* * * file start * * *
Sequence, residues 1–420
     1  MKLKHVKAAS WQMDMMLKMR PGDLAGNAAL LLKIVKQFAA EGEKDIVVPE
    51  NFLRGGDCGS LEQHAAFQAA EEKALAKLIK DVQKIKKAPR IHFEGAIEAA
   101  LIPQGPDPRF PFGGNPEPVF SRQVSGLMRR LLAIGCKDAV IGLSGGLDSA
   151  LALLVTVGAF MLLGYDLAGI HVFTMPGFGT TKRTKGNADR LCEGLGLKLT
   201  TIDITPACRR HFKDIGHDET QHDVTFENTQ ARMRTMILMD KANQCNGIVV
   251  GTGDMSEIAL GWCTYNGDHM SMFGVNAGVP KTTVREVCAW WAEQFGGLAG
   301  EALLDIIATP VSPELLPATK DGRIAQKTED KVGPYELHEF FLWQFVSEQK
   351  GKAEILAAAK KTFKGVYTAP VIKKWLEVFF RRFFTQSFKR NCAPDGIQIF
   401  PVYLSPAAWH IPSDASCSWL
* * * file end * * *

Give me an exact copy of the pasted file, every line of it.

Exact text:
Sequence, residues 1–420
     1  MKLKHVKAAS WQMDMMLKMR PGDLAGNAAL LLKIVKQFAA EGEKDIVVPE
    51  NFLRGGDCGS LEQHAAFQAA EEKALAKLIK DVQKIKKAPR IHFEGAIEAA
   101  LIPQGPDPRF PFGGNPEPVF SRQVSGLMRR LLAIGCKDAV IGLSGGLDSA
   151  LALLVTVGAF MLLGYDLAGI HVFTMPGFGT TKRTKGNADR LCEGLGLKLT
   201  TIDITPACRR HFKDIGHDET QHDVTFENTQ ARMRTMILMD KANQCNGIVV
   251  GTGDMSEIAL GWCTYNGDHM SMFGVNAGVP KTTVREVCAW WAEQFGGLAG
   301  EALLDIIATP VSPELLPATK DGRIAQKTED KVGPYELHEF FLWQFVSEQK
   351  GKAEILAAAK KTFKGVYTAP VIKKWLEVFF RRFFTQSFKR NCAPDGIQIF
   401  PVYLSPAAWH IPSDASCSWL